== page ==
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BILL ANALYSIS

 

 

 

C.S.H.B. 4555

By: Guillen

Elections

Committee Report (Substituted)

 

 

 

BACKGROUND AND PURPOSE

 

Under current law, an individual who has a previous felony conviction is barred from running for public office unless that individual has been pardoned or otherwise released from the conviction-related disabilities. Concerns have been raised regarding the lack of a requirement on an application for a place on the ballot to provide proof of any pardon or release. C.S.H.B. 4555 seeks to address these concerns by requiring individuals filing to run for public office who have previously been convicted of a felony to present proof that they are eligible to run.

 

CRIMINAL JUSTICE IMPACT

 

It is the committee's opinion that this bill does not expressly create a criminal offense, increase the punishment for an existing criminal offense or category of offenses, or change the eligibility of a person for community supervision, parole, or mandatory supervision.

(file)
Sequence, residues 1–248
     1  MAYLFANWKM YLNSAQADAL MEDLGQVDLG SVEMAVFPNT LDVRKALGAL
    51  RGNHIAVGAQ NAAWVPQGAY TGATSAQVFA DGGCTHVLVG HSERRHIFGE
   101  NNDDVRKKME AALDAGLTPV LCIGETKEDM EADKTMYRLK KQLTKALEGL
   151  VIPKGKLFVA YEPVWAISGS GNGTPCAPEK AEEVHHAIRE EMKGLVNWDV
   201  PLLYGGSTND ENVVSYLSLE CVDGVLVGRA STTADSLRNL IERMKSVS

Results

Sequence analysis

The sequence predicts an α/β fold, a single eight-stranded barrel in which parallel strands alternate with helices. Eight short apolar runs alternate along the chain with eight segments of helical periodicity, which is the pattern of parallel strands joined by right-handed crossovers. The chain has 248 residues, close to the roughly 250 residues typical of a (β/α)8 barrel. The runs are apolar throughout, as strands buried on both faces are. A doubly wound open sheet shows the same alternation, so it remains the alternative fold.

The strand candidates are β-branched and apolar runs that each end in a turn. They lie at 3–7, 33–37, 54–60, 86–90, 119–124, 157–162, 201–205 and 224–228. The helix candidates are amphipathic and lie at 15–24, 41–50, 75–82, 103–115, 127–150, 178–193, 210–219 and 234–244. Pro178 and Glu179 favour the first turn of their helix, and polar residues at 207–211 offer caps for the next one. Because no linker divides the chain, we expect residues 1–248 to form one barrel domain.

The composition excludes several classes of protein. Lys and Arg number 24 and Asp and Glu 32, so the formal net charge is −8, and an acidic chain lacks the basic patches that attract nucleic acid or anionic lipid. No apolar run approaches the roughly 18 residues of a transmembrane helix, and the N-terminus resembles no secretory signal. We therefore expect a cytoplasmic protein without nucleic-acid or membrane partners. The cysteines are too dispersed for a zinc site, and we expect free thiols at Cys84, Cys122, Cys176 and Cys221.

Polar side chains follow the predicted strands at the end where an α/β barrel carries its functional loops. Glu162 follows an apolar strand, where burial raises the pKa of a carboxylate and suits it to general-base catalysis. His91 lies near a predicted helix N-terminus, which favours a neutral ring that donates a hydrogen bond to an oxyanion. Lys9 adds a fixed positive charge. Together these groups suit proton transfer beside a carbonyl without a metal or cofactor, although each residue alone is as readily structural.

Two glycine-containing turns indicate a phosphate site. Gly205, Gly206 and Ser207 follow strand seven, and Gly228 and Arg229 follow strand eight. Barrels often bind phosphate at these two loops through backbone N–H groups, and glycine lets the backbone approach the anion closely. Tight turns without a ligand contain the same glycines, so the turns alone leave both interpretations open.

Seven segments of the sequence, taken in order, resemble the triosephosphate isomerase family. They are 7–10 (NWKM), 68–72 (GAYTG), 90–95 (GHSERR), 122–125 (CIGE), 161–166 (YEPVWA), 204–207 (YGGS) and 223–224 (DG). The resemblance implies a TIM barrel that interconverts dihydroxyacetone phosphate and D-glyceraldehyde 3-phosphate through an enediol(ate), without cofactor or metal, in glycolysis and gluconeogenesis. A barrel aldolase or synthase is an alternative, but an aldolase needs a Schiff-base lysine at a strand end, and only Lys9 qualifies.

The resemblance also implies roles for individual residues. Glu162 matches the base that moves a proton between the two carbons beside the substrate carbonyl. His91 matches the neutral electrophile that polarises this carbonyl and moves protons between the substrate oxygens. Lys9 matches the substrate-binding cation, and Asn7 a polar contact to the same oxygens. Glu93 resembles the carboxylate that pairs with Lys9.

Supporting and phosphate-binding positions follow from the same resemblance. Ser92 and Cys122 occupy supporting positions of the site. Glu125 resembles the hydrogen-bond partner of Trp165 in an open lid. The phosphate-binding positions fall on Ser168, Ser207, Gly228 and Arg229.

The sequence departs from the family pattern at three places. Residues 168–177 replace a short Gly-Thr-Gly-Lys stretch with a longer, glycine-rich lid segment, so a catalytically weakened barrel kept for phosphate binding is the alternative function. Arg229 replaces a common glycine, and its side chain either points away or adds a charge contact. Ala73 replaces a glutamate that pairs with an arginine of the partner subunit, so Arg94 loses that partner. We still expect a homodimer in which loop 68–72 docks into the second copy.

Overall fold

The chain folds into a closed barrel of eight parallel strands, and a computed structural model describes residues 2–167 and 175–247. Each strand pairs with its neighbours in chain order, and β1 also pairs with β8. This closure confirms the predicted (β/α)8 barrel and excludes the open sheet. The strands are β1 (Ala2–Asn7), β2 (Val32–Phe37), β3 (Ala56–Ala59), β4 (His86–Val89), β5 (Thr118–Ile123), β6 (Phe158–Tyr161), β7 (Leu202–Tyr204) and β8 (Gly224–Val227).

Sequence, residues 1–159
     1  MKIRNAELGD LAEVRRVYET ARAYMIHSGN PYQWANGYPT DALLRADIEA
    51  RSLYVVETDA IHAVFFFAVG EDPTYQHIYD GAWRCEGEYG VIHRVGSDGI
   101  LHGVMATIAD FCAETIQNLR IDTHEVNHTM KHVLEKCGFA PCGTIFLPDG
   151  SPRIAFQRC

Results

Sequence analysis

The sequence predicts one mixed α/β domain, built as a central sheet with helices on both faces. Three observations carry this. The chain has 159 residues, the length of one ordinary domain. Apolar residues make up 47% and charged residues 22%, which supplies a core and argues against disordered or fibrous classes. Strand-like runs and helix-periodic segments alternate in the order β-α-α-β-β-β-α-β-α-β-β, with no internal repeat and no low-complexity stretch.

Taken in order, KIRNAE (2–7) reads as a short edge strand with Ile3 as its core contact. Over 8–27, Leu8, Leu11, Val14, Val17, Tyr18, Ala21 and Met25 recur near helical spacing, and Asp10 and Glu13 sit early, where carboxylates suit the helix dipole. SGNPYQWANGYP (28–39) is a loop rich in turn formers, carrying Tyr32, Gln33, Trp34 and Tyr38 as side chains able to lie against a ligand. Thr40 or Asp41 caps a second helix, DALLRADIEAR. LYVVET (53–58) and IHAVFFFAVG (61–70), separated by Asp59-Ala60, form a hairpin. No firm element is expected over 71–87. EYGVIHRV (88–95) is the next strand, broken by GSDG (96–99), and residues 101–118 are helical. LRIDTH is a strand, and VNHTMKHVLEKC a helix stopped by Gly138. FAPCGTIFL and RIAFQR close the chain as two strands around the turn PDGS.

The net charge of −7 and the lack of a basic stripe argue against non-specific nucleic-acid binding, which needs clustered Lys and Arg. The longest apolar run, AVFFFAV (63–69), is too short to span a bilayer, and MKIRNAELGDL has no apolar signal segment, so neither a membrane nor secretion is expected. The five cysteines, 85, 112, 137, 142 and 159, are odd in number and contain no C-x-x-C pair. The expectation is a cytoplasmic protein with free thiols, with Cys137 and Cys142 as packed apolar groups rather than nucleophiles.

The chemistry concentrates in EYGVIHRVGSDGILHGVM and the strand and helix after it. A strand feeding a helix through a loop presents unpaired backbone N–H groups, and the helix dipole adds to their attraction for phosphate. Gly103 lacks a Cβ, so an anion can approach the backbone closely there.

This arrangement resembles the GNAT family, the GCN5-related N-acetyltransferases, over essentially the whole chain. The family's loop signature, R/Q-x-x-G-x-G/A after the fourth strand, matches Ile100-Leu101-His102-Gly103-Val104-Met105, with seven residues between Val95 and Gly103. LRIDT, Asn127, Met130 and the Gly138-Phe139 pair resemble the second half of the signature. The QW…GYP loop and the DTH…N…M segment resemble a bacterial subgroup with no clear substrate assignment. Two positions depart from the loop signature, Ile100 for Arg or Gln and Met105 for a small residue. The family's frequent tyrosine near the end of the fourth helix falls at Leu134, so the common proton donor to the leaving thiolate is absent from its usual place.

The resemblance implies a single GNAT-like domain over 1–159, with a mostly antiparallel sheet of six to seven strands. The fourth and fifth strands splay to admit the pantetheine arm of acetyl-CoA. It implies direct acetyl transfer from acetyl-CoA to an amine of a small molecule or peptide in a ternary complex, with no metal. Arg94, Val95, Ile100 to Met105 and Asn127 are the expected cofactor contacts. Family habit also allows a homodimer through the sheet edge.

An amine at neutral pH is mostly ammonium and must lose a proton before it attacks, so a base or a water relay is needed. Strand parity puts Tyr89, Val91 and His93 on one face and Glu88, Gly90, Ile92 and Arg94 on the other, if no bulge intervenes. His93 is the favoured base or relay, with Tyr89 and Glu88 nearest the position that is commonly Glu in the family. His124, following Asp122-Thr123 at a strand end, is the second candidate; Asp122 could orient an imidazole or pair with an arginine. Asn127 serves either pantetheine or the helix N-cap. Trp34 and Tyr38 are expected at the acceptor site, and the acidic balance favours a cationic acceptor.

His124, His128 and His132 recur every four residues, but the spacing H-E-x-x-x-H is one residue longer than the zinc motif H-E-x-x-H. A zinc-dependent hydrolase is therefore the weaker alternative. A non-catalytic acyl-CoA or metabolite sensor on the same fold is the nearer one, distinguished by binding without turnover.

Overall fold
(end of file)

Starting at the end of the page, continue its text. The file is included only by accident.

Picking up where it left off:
RULEMAKING AUTHORITY

 

It is the committee's opinion that this bill does not expressly grant any additional rulemaking authority to a state officer, department, agency, or institution.

 

ANALYSIS

 

C.S.H.B. 4555 amends the Election Code to require a convicted felon to include in an application for a place on the ballot proof that the person is eligible for public office due to the person's pardon or other release from the resulting disabilities of the person's conviction.

 

EFFECTIVE DATE

 

September 1, 2021.

 

COMPARISON OF ORIGINAL AND SUBSTITUTE

 

While C.S.H.B. 4555 may differ from the original in minor or nonsubstantive ways, the following summarizes the substantial differences between the introduced and committee substitute versions of the bill.

 

The original required a convicted felon, to be eligible for public office and before filing as a candidate, to provide proof that the person has been pardoned or otherwise released from the resulting disabilities of the person's conviction, whereas the substitute requires the convicted felon to include that proof in an application for a place on the ballot.

 

The substitute does not include the original's provision expanding the conduct of the offense for tampering with a governmental record to include a convicted felon who files as a candidate and fails to acknowledge on any election filing form that the person was convicted of a felony.